What made you want to be a governor?
I was asked! I was happy to use my expertise. Working with training governors, it seemed a good idea to have hands-on experience.
Has the experience fulfilled your expectations?
Yes. It's marvellous how many skills and talents a wide group of governors can bring to a school.
What dodon't you like?
It is demanding and time consuming. But there are exciting developments: our school is going to be part of the neighbourhood nursery initiative, which is going to take a lot of hard work.
What is the best or worst change you've seen?
The most exciting thing is that we now have more committed governors coming forward.
What does your family think of your commitment?
My husband gave us expert advice in drawing up plans for development and I realised life would be simpler if he became a governor as well. So he did. It works, and I try to behave myself at meetings.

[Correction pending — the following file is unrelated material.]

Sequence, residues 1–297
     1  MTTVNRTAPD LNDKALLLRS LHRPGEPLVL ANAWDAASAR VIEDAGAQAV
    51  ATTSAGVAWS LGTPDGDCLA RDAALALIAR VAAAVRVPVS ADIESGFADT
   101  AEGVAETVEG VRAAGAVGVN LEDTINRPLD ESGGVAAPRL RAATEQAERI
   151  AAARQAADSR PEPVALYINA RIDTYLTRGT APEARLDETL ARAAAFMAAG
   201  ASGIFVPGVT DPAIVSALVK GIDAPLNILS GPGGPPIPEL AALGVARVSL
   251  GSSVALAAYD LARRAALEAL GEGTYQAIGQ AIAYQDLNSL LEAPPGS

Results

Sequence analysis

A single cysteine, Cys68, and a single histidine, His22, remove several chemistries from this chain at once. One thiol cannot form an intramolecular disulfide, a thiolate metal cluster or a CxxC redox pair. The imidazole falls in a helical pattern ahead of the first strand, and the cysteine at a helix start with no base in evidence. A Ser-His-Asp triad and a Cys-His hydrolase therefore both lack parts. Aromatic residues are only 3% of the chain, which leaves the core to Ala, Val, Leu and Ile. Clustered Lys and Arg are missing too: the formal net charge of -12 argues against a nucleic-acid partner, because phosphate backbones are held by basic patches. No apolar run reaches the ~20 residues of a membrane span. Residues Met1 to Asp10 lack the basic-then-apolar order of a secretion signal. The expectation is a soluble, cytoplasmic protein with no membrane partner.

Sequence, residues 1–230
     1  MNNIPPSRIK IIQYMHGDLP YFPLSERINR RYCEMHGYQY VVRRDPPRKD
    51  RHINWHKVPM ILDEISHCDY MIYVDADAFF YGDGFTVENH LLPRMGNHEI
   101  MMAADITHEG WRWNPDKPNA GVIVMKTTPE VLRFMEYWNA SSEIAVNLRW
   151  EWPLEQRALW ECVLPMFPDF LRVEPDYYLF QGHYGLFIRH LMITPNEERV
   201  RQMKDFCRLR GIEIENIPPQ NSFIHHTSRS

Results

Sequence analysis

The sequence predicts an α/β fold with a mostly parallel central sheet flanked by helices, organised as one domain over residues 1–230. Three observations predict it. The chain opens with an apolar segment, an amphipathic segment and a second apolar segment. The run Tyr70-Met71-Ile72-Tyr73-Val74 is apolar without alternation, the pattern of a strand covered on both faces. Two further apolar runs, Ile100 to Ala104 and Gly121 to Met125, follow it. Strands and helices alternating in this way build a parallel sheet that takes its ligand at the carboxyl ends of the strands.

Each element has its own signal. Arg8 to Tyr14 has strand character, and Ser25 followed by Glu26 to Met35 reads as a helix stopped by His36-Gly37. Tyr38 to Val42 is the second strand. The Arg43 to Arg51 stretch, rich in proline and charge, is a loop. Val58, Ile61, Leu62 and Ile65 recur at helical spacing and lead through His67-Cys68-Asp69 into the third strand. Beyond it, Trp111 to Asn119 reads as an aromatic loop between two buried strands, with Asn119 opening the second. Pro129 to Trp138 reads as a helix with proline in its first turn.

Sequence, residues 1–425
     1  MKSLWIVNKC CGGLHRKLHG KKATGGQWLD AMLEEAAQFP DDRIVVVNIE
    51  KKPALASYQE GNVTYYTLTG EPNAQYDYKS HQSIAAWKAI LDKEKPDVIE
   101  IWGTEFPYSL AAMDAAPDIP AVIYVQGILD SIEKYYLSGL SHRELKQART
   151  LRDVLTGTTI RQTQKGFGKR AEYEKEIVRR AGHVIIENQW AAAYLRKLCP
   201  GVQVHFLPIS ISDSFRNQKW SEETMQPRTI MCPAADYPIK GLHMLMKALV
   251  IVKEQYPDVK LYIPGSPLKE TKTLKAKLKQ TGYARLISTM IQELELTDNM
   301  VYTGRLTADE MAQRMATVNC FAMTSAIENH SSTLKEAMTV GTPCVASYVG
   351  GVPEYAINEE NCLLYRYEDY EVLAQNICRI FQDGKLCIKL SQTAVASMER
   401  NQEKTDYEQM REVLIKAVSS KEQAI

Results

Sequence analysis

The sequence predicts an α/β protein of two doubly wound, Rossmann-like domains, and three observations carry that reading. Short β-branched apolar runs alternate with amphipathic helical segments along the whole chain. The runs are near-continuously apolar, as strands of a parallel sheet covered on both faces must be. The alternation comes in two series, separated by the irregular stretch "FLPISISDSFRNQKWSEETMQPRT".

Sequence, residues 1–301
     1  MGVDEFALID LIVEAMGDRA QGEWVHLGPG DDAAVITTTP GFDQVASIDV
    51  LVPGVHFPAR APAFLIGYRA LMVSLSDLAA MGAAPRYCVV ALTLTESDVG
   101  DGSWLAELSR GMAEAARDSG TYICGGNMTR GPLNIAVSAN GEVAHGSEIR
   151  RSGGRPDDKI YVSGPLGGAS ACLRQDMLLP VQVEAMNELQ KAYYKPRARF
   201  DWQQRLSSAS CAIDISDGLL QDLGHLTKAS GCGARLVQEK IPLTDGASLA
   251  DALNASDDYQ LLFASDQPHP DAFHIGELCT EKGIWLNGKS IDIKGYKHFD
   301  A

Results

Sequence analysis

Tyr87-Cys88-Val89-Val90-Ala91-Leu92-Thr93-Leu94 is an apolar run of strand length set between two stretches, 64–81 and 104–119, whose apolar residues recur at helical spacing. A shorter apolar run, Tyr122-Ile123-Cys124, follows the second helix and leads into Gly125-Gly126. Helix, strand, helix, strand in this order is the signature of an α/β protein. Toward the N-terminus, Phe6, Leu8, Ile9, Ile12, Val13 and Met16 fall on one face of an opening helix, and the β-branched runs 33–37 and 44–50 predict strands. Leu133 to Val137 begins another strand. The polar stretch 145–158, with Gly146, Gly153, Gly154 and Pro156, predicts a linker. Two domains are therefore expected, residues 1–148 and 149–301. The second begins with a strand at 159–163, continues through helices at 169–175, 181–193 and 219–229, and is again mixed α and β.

If you could wave a wand, what would you wish for the school?
A better balance between standards and the true nature of education, and not have to worry about one or two percentage points. I'm all in favour of knowing children are progressing but the whole thing has gone bananas and teachers are overburdened.
And who or what would you make disappear?
The chaotic system of funding.
Who would be your fantasy governor?
Mary Robinson, ex-president of Ireland, she's such a good leader and team player.